Naomi in the Book of Ruth in Light of the Mosaic Covenant -- By: Charles P. Baylis

Journal: Bibliotheca Sacra
Volume: BSAC 161:644 (Oct 2004)
Article: Naomi in the Book of Ruth in Light of the Mosaic Covenant
Author: Charles P. Baylis


Naomi in the Book of Ruth
in Light of
the Mosaic Covenant

Charles P. Baylis

Charles P. Baylis is Professor of Bible Exposition, Dallas Theological Seminary, and Director of the Seminary’s Southeast Region for External Studies (Tampa and Atlanta).

To understand a character in narrative literature the reader must know how that person fits into the message of the story in view of the author’s ethical standard. This article examines the place that Naomi plays in the literary flow of the Book of Ruth in view of the author’s ethical standard, namely, Israel’s Mosaic Covenant.

Many commentators view all the main characters in the Book of Ruth—Naomi, Ruth, and Boaz—as having no major flaw. For instance Harvey states, “There is no villain in the story. No reprehensible act is done by any character.”1 Since a character is evaluated according to his or her response to the tension in the story, this view means that all the main characters interacting with the tension in the Book of Ruth make only positive ethical responses. Yet not to have a major character in a negative contrast to the positive hero is unknown in any of the other narratives in the Bible.2 Thus the claim that there is no negative main character3 in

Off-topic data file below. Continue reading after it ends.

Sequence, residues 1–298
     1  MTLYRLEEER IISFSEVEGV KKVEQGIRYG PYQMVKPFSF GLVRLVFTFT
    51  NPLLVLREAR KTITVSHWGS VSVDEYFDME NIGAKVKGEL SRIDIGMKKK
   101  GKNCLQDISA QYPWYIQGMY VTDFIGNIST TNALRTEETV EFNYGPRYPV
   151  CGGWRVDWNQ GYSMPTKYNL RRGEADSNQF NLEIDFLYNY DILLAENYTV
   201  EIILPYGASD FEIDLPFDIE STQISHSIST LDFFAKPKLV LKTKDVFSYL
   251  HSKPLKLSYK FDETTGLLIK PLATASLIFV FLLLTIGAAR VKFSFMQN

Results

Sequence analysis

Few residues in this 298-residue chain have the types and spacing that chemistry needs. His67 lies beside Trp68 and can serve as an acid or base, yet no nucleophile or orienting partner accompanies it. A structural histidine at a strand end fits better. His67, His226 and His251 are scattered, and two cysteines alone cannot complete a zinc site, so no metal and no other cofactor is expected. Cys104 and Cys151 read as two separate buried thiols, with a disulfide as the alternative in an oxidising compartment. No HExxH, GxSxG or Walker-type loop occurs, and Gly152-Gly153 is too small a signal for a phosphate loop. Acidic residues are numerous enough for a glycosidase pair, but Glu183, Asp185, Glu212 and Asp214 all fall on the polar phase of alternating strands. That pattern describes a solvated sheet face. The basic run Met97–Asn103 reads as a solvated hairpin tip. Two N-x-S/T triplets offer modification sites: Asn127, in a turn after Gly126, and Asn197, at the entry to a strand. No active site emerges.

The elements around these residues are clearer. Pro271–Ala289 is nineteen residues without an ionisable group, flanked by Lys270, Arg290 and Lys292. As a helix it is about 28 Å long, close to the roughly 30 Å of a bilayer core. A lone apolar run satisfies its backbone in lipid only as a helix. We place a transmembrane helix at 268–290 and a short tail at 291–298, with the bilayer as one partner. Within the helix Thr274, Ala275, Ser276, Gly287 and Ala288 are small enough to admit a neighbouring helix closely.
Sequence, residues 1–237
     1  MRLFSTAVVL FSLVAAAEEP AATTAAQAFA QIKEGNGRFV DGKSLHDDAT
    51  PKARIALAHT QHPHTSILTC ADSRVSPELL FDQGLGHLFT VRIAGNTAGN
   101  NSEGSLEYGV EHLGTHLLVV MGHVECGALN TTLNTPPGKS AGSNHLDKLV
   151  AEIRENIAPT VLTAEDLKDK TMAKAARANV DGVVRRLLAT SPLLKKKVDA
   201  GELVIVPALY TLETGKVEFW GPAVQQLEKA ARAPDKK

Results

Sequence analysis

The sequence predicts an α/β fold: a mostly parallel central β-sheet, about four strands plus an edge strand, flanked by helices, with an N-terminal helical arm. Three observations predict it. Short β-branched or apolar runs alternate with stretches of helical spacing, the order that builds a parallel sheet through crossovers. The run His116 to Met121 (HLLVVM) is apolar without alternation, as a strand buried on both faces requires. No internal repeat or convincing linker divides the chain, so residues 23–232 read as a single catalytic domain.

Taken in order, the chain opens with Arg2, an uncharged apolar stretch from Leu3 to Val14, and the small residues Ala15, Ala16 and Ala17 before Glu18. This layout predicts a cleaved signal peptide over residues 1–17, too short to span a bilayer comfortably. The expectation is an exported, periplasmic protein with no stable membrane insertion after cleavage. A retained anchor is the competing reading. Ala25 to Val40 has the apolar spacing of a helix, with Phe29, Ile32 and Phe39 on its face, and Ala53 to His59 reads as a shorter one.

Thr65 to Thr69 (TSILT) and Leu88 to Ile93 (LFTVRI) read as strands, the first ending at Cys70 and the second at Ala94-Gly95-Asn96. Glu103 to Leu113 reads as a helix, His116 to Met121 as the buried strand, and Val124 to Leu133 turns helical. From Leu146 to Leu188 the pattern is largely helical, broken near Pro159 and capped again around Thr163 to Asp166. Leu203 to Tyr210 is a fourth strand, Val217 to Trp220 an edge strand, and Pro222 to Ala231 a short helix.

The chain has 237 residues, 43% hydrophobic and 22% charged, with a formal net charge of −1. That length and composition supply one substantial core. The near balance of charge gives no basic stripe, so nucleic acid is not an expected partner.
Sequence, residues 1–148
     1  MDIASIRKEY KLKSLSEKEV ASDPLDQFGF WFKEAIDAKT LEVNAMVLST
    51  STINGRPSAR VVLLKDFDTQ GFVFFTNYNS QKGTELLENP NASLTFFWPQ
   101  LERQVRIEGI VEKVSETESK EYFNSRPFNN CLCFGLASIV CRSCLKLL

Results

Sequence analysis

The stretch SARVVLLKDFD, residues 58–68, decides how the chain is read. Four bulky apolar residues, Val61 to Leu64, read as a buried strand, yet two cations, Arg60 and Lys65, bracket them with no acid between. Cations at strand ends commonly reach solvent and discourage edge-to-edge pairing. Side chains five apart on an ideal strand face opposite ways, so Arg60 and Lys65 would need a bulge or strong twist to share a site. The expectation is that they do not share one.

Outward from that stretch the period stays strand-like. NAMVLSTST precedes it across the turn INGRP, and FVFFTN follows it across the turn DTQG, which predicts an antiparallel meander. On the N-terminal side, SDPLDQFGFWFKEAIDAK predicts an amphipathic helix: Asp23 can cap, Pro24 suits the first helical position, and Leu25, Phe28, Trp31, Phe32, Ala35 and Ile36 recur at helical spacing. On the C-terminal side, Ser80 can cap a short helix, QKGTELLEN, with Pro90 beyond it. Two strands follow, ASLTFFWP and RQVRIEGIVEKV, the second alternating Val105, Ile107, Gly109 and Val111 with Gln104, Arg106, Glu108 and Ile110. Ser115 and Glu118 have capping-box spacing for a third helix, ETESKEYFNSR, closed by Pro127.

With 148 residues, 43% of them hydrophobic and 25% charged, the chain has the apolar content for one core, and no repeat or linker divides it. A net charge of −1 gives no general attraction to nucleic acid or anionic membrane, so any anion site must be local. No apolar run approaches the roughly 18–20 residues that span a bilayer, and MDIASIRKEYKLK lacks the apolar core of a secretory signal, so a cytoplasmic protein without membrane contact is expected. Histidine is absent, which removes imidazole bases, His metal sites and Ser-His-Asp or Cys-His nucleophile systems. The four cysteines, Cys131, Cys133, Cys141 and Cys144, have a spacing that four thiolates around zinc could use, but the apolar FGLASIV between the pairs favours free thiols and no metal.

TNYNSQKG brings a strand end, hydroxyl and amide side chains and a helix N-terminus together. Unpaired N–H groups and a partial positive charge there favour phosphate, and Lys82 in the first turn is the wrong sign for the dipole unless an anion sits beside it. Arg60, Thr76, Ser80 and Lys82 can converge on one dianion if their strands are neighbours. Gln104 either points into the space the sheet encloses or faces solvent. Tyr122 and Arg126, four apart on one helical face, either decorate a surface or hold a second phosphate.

the Book of Ruth is somewhat suspect. The presence of a major negative character ordinarily contrasts with and thus heightens the portrayal of the positive character.4

Commentators agree that both Ruth and Boaz play positive roles in the book. Boaz responded to the tension in the story by providing food and children for both Ruth and Naomi. Ruth also interacted positively with the difficulty, for she too gave Naomi food and a child with Boaz.

Many Bible students likewise see no weakness in Naomi, the book’s main character.5 They see any negative expression of hers as reflecting justifiable frustration that anyone in a similar situation would have. She is frequently said to be a strong woman of faith, enduring through unexplained and undeserved sufferings, unselfishly caring for her daughters-in-law. For instance Bush wrote that Naomi is “the virtual enfleshment of hesed, that quality of kindness, graciousness, and loyalty that goes beyond the call of duty.”6 On the other hand some writers do see Naomi responding in a negative manner.<...

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